Generalization (i), or the idea that antepenultimate stress is an exceptional pattern, has been more recently brought into question by corpus work such as Araújo et al. (2008), Araújo et al. (2007) and Viaro & Guimarães Filho (2007), all of which provide evidence that shows not only that the number of antepenultimately stressed words is not exactly marginal in the language (about 12%, as previously mentioned), but also that these words have been entering the language as regularly as the other two stress patterns, from the IX to the XX centuries. The same studies also dispute the notion that antepenultimate stress is a by-product of prescriptive grammar, as opposed to an integral part of speakers’ knowledge, pointing out the lack of psycholinguistic evidence to support those claims.
Besides the exceptions found to generalizations (i)–(iii) just discussed, the complexity of the stress system in Portuguese in general, and in BP specifically, displays an additional facet in which, for most accounts, stress assignment in verbs appears to be subject to a set of rules that differs from the one acting upon non-verbs, and which is possibly conditioned by the language’s inflectional paradigms, as seen in (5) above and also in (7) below.
Given all of the facts just listed, it follows then that the task of defining the set of rules that govern primary word-level stress assignment in Portuguese presents a number of challenges. Straight arguments supporting either a syllabic or a moraic trochaic language, even though enticing given the stress system of Latin, are not tenable without added machinery. Sensitivity to quantity (QS), even if positionally restricted, would need to account for the irregular patterns of stress illustrated herein (and for the ones not included in this brief review). Given the nature of the data, while a sizable part of the literature subscribes to the view that stress is mostly predictable in Portuguese, authors like Câmara Júnior (1970) and Morais-Barbosa (1994) proposed that stress is unpredictable in the language, thus specified in the lexicon. With respect to sensitivity to lexical category, authors like Andrade & Laks (1991), Bisol (1992) and Lee (2007), among others, argue that stress is category-blind, while works like Garcia (2017), Hermans & Wetzels (2012), Lee (1997), Pereira (2007), and Wetzels (2007), among others, provide accounts where different rules govern stress in verbs and in non-verbs. Syllable weight is said to play a role for stress placement in non-verbs (Bisol 1992; Garcia 2017; 2019; Hermans & Wetzels 2012; Massini-Cagliari 1995; Wetzels 2007, among others), but it is generally accepted to be non-bearing for the verbal paradigm, where stress is said to be morphologically conditioned.
Some of the additional machinery proposed in previous literature to account for irregular patterns and exceptions herein discussed include: (a) the domain of application of stress rules, which has been proposed to be the word (e.g., Bisol 1992) or the derivational root (e.g., Andrade & Laks 1991), or even a different one for verbs and for non-verbs (e.g., Lee 1997; Pereira 2007); (b) the existence of catalectic consonants (e.g., Bisol 1992) which would explain stress placement in words like café [ka.ˈfɛ]; and (c) segmental and syllabic extrametricality, which would explain other irregularities such as antepenultimate stress (the last syllable is extrametrical), irregular patterns of penultimate stress, and stress placement in verbs (e.g., Bisol 1992).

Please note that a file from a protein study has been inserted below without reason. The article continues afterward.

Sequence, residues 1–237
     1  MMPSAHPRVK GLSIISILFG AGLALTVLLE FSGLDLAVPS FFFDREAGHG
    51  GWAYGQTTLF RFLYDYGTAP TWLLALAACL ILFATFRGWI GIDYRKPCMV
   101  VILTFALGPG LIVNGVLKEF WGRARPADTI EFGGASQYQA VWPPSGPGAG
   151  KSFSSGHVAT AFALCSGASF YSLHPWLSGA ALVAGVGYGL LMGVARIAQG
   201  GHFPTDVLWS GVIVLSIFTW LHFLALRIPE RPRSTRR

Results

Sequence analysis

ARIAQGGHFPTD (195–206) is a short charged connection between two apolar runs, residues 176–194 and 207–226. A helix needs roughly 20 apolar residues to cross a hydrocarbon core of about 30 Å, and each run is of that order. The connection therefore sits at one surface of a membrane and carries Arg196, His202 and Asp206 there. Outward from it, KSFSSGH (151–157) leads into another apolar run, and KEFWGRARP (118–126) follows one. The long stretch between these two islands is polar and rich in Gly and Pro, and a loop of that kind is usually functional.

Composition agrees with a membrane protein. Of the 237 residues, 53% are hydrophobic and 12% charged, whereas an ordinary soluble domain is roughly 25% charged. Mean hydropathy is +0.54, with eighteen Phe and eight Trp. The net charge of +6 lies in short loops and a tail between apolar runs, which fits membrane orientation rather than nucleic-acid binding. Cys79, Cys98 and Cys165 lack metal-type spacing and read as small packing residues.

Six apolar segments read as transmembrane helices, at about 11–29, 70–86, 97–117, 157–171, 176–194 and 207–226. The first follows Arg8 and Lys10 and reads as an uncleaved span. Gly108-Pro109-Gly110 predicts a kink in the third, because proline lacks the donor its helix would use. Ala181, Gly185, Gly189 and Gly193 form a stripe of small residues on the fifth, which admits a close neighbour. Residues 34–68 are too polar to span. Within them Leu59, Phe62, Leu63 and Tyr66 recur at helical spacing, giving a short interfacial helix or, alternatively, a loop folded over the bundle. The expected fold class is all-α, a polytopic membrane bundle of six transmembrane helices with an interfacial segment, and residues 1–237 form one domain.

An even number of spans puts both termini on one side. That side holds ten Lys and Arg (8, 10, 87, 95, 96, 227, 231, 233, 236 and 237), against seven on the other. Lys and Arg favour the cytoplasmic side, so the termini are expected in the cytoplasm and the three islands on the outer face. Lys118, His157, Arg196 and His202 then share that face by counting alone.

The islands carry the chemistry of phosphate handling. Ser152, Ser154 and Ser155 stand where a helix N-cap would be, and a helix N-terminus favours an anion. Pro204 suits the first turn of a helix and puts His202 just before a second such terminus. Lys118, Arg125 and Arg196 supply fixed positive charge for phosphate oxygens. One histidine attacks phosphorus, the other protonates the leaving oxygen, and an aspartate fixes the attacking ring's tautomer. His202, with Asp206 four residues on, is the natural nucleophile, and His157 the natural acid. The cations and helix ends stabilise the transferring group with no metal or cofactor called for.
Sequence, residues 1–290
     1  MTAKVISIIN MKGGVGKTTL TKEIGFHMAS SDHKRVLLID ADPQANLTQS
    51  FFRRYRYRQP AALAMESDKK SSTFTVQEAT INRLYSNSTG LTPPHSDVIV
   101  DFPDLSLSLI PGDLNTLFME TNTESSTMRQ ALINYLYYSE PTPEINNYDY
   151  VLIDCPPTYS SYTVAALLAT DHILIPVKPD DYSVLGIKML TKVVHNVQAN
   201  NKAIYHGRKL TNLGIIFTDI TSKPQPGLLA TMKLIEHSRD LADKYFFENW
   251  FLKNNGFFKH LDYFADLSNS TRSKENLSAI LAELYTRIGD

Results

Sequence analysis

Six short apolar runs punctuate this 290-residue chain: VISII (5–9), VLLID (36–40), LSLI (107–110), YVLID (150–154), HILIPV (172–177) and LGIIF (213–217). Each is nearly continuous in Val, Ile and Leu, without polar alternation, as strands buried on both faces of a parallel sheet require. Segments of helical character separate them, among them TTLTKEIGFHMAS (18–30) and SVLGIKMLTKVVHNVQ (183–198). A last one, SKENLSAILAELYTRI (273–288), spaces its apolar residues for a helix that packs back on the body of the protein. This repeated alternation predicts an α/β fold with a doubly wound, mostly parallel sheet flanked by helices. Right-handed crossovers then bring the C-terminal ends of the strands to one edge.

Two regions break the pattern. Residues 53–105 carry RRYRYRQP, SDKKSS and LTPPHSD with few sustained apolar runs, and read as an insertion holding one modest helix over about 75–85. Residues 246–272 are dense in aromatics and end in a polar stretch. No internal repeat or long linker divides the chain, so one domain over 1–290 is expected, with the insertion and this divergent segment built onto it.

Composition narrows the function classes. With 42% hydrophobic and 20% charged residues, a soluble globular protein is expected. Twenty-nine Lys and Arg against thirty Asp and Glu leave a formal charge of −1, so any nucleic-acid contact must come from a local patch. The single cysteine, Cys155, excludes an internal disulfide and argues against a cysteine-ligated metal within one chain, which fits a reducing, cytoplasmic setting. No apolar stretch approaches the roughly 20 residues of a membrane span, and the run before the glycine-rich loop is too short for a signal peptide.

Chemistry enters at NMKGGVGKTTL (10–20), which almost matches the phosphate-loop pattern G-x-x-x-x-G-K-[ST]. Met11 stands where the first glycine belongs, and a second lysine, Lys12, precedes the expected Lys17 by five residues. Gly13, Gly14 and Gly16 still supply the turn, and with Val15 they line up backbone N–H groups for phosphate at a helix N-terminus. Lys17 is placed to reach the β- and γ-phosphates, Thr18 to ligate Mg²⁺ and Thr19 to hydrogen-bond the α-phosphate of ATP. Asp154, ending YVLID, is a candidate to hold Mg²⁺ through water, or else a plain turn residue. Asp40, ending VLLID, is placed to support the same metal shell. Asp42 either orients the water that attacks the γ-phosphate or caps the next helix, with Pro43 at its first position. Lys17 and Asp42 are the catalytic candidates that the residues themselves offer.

Among recent accounts, Garcia (2017) used the Portuguese Stress Lexicon (PSL, see Garcia 2014)—which was built using the Houaiss dictionary (Houaiss at al. 2001) as its base—to perform a statistical study of stress placement in non-verbs. The author argues that Portuguese has a (QS) stress system, that sensitivity to weight is not restricted positionally in the word and, importantly, that it is gradient, not categorical, as previous analyses proposed. In the study, a negative correlation between weight and antepenultimate stress was found in the lexicon analyzed. Based on these findings, Garcia proposes a grammar where “stress is assigned based on a probabilistic distribution derived from the patterns present in the lexicon” (Garcia, 2017: 75).19 Most recently, Garcia (2019) used the same PSL to simulate lexica that better approximate the lexicon of an adult native speaker, thus creating a lexical baseline to be compared to forced judgements of speakers on a number of conditions related to weight effects in Portuguese. The author finds that both lexical statistics and the grammar have a role in the phonological learning, and that in the case of antepenultimate syllables, lexical statistics and the grammar are at odds, since in the former it was found that there is a negative correlation between heavy syllables in antepenultimate position and antepenultimate stress, but the author’s experimental studies showed that speakers did not generalize this negative correlation to the nonce words tested. Naturalness would then be the mediator between lexical statistics and the grammar in the case of antepenultimate stress (Garcia, 2019: 636).